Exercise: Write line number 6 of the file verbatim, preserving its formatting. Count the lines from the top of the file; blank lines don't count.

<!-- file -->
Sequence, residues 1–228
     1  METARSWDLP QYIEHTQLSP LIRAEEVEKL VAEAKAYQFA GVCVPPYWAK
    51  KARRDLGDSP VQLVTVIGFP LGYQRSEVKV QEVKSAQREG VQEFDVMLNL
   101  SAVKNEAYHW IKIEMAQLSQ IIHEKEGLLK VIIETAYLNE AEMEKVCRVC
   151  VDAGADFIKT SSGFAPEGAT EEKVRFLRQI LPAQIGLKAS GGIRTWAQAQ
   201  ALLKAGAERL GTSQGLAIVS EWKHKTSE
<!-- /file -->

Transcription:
   201  ALLKAGAERL GTSQGLAIVS EWKHKTSE